“Oh, I tell you, he was up around the northeastern and north central part of the state. I interviewed all these people who told me the darnedest things, like what he can do and what he has done so well in Alabama, and, yes, quite frankly the racism would come out. The racism was there,” she said.

Then we talked about how Montana seems to have so many interesting political extremes, from socialist counties to right-wing separatists.

“That’s what makes the state such a wonderful place,” she said. “But maybe Montana’s not so different from anywhere else. I suspect that’s true all across the country.”

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The Return of the Montana Newspaper Guild

Steve Schnall in Great Falls in1983 pedaling to raise money for a Montana Newspaper Guild college scholarship, which happens to be named after my grandfather, also Robert Struckman. Steve is now assistant athletic director at San Diego State University in California.

It’s an uncertain and insecure time for journalists in Montana these days, what with unrelenting layoffs and buyouts at the state’s newspapers coupled with more than a decade of below-inflation raises, when the staff received any pay increases at all. There have been furloughs at the Great Falls Tribune, and staff at the state’s five newspapers owned by Lee Enterprises have had significant benefit cutbacks, estimated by one staff member to equate to a 7 percent pay cut.

But here’s the funny part. Montana’s journalists have consistently produced top-quality news, year after year. The papers themselves have been beautifully profitable, earning dependable millions every year.

I can actually remember when pay stalled for Montana’s reporters. I was a bumbling and excited new police reporter at the Billings Gazette in 1998. As I got my first raise, my supervising editor explained that the paper’s corporate headquarters had clamped down on raises, just the previous year. Instead of good raises—I’m thinking maybe 5 percent or so—I would receive a fraction over 1 percent. It wasn’t me, my editor explained. It was company-wide.

It’s interesting to look back at that time.

Five years earlier, in 1993, the members of the Montana Newspaper Guild at the Great Falls Tribune—scattered among pretty much the entire staff outside the press room and the drivers—had voted out to disband. The Tribune had been an open shop for about 15 years, which means that employees could get the good wages and benefits that the dues-paying union members had bargained for, but without contributing a dime. Still, the members of the Montana Guild were skilled negotiators who won decent raises when the paper made solid profits.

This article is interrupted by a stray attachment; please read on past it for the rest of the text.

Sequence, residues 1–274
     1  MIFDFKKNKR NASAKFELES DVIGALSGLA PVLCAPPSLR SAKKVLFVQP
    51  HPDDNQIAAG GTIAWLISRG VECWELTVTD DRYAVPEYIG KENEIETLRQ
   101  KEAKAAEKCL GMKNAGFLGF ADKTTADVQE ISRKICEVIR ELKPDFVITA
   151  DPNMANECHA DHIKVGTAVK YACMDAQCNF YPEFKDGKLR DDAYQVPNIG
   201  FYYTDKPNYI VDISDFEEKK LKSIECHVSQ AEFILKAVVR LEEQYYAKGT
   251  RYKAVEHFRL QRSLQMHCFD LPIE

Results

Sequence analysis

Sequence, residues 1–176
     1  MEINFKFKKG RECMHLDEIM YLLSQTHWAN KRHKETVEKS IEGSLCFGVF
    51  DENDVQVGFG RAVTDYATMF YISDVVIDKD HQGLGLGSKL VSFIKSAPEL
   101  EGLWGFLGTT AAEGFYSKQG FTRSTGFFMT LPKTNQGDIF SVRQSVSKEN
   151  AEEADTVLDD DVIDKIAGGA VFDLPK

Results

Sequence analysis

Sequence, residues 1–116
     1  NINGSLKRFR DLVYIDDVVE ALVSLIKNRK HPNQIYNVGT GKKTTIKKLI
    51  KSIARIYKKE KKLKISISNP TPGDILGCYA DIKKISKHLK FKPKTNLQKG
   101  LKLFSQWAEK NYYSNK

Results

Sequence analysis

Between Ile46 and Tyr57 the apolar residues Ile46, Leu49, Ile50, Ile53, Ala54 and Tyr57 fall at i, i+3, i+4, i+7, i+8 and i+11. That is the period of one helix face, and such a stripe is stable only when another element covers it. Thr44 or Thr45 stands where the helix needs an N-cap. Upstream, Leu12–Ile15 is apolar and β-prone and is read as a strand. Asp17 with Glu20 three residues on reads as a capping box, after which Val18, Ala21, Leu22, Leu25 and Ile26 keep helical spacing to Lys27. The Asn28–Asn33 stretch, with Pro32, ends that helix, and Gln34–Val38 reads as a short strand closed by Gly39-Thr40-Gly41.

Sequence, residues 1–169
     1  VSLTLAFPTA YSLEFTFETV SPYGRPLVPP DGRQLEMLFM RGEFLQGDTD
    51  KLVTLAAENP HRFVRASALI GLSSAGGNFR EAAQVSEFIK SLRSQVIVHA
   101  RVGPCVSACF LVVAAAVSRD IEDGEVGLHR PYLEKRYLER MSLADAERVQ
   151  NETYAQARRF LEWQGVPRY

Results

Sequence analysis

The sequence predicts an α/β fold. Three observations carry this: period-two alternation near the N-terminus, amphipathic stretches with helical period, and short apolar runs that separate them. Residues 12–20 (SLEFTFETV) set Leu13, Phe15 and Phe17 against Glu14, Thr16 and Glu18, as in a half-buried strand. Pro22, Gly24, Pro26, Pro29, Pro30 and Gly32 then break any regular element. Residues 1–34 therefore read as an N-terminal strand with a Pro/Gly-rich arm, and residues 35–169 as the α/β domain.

Decades of research has shown that union wages raise standards at non-union workplaces. It’s easy to understand why. The Billings Gazette and other Lee Enterprises papers in Montana offered pay and benefits roughly comparable to the Great Falls Tribune, owned by the Gannett Company. Why? To retain and dissuade the staff from forming unions to gain the full benefits of collective bargaining.

If you don’t believe that Lee Enterprises fears the combined clout of its employees, consider this: Anti-union training is a centerpiece for all company managers, and anti-union videos are routine for new employees. I sat through an anti-union spiel at the Gazette in the summer of 1998. I remember it well. And, as I mentioned before, my editor didn’t hesitate when it came to breaking the law when he threatened to fire me just for talking about forming a union with my coworkers.

And here’s why Lee hates unions. It’s not rocket science. The company’s leadership doesn’t want any pressure to share any of the amazing profits it reaps. After the Tribune‘s union disbanded, Lee’s managers no longer even had to keep pace with the Tribune.

It’s abundantly clear to me now that while collective bargaining offers a rising tide, the reverse is also true. Without collective bargaining, employees experience a relentless race-to-the-bottom. It’s not a fun race, like that tricycle escapade above, but you don’t need me to tell you that.

And yet there is hope. As I’ve noted many times, Montana’s media corporations are profitable. News will also be important in Montana and across the country far into the future. In fact, media spending has been on the rise, even though the share spent on newspapers has been declining.

My point is simple. Newspaper employees—all media employees—from the press room to the advertising floor to the newsroom can still form unions. It’s possible. Membership in the Newspaper Guild doesn’t mean anything more than that each paper’s employees will be able to collectively bargain with management about pay, benefits and working conditions.

There are a lot of people in Montana who remember the Guild. I’ve been talking to quite a few of them. I’ll write soon about the 1974 strike in Great Falls, in which Teamsters, teachers, postal workers and even the young newspaper carriers helped Guild members in a long struggle with that paper’s management.

Wouldn’t it be great if you could form a union without taking an enormous personal and professional risk? Wouldn’t it be an amazing show of solidarity if those same truck drivers, mail carriers, teachers, electricians and public workers came together to help start a race back up from the bottom? The time is right.

And, actually, if anyone could identify the people in this photo, or share their stories, I’d sure appreciate it. More photos soon.

Both of these photos come from the files of the Newspaper Guild here in Washington. I’d appreciate any news about the photographs or the people in them. Feel free to email.